Have you sat on a moon held aloft by a loon? Hopped in a little boat and peeked through a window in the belly of a whale? Taken a swing supported by the neck of a crane?
You still have the chance! Visit the immersive installation Tableau, located on level 2 of the Hamilton Building at the Denver Art Museum. It will be on view through Sunday, August 20 at 5 pm.
THE ARTIST'S INSPIRATION
Denver artist Hadley Hooper's goal was to create a whimsical, interactive space where visitors are inspired to take pictures of friends and family. (Tag your photo with #TableauDAM on social media!)
– Hadley Hooper
I want it to be a black and white dream that feels full, and lush, and inviting.
To achieve this fantastical environment, she drew upon her experiences working on theater sets, in an animation studio, as a scenic painter, and as an editorial and children's book illustrator.
"I want to leave [the meaning] open to people so they can tell their own stories...There are birds coming out of the whale—are they escaping, or were they born there? Is that where birds come from? The moon is held aloft by a bird—or is the bird stealing the moon, or caught by the moon? There are a lot of different interpretations," said Hooper.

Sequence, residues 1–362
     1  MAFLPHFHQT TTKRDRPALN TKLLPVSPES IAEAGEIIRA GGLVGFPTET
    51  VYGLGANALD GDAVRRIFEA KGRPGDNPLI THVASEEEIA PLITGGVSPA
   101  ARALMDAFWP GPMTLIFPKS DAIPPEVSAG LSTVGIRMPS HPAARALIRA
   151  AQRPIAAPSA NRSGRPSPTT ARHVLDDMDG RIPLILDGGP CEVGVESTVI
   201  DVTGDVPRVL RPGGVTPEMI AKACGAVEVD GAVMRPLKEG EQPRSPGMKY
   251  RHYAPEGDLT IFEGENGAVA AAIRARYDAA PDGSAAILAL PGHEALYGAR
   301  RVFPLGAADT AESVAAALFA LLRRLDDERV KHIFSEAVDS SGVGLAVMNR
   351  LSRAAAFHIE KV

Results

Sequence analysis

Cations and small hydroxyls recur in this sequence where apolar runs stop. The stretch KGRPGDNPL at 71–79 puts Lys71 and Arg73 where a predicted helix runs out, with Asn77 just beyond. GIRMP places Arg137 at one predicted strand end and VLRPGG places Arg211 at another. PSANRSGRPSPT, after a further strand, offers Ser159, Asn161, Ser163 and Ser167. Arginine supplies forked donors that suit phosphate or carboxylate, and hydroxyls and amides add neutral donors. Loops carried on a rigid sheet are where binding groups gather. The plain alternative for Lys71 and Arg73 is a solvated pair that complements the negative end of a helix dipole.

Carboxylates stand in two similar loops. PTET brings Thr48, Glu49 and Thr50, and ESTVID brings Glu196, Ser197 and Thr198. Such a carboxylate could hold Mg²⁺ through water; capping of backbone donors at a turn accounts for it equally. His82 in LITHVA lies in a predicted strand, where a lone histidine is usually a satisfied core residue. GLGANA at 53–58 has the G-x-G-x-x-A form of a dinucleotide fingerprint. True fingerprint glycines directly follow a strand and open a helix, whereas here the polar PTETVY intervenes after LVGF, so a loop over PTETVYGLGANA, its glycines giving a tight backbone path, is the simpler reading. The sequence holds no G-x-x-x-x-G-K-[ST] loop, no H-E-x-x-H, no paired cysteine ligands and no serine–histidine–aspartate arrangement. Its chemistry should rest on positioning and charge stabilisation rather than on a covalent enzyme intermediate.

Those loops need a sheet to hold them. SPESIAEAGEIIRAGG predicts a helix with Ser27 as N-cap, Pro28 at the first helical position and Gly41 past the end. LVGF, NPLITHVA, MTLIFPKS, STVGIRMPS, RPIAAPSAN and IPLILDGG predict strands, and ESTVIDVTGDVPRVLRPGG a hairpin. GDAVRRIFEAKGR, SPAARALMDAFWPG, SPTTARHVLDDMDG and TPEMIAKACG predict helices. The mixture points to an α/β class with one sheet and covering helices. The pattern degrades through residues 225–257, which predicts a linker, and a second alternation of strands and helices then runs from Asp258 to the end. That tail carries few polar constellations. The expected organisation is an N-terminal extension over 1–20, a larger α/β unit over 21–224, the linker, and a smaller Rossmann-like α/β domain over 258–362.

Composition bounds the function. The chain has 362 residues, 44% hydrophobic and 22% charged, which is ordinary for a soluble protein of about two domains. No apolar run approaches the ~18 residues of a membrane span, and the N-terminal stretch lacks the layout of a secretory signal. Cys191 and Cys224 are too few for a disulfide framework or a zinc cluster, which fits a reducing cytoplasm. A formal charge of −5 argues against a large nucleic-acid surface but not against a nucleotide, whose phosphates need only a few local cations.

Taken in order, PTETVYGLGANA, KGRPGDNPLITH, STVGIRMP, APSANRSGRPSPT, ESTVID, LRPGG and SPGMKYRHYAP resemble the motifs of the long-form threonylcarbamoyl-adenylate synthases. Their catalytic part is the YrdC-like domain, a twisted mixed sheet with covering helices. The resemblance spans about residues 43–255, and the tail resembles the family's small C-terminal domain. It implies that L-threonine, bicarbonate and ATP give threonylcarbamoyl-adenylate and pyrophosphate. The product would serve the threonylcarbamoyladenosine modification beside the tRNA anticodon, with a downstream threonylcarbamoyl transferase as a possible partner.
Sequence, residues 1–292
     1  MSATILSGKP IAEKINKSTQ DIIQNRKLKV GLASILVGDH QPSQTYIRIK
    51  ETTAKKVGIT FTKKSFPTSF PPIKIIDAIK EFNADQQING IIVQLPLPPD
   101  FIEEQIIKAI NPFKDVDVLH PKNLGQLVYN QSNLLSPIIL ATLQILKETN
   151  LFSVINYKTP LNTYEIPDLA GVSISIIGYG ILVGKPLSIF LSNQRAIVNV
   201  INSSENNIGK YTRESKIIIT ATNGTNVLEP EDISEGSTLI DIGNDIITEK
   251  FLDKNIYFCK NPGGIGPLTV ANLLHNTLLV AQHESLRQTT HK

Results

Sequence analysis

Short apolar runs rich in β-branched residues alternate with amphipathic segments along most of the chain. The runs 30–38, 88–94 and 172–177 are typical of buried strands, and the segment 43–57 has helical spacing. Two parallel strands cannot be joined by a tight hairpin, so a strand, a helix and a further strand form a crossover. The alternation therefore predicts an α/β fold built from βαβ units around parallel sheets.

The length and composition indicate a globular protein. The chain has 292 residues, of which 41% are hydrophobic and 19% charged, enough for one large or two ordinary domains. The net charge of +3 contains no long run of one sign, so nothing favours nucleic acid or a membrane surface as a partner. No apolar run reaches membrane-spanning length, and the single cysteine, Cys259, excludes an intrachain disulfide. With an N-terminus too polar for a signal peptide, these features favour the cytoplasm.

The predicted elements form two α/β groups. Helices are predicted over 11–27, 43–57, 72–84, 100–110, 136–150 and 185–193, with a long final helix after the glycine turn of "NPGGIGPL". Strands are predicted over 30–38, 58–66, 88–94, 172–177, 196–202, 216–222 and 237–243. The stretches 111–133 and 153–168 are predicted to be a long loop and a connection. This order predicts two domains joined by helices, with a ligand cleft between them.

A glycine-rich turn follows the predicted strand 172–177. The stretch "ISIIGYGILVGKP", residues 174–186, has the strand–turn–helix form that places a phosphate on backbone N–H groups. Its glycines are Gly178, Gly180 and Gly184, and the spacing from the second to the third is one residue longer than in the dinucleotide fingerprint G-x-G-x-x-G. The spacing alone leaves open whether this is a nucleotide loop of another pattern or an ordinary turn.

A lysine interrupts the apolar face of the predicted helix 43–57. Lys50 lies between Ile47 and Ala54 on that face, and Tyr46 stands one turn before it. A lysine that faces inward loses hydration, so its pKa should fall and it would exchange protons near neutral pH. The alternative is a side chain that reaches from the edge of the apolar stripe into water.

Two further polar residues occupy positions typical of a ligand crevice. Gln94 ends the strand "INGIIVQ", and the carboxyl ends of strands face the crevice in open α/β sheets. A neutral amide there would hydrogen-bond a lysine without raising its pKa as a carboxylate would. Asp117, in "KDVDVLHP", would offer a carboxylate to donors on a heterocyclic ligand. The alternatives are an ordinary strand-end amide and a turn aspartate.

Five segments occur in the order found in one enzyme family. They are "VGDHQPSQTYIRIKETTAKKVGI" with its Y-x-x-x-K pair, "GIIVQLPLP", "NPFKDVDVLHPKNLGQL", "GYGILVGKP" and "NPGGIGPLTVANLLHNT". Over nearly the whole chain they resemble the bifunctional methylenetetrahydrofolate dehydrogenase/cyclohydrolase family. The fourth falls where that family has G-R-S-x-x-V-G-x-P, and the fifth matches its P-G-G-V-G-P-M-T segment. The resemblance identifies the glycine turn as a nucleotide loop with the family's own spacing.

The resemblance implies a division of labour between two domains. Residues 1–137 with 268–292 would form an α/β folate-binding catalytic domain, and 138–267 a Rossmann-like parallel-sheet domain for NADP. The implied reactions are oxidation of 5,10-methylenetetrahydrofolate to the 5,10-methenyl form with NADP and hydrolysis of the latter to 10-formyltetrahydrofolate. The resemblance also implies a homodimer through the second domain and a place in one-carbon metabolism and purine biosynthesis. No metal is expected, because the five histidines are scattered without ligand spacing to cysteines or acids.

THE ARTISTIC PROCESS
In order to direct your focus to the patterns in the installation, Hooper limited the color palette to black and white with some washes of blueish-toned Paynes Gray paint. She used printmaking techniques to cut, ink, burnish, and hand print hundreds upon hundreds of elements. These prints were then digitally scanned at a high resolution, assembeled, and printed as large-format reversible wallpaper in color to retain a soft, lower contrast effect. You can see the hand-built quality of each print, which was adhered with wheat paste on to the walls and wooden structures in the space.
3 FUN FACTS
Hooper took art classes at the Denver Art Museum as a child.
The installation concept started with the whale. The whale is about 10 feet by 14 feet long, and is exhaling flowers and birds from its blowhole.
The artist is a gardener and is interested in creation myths.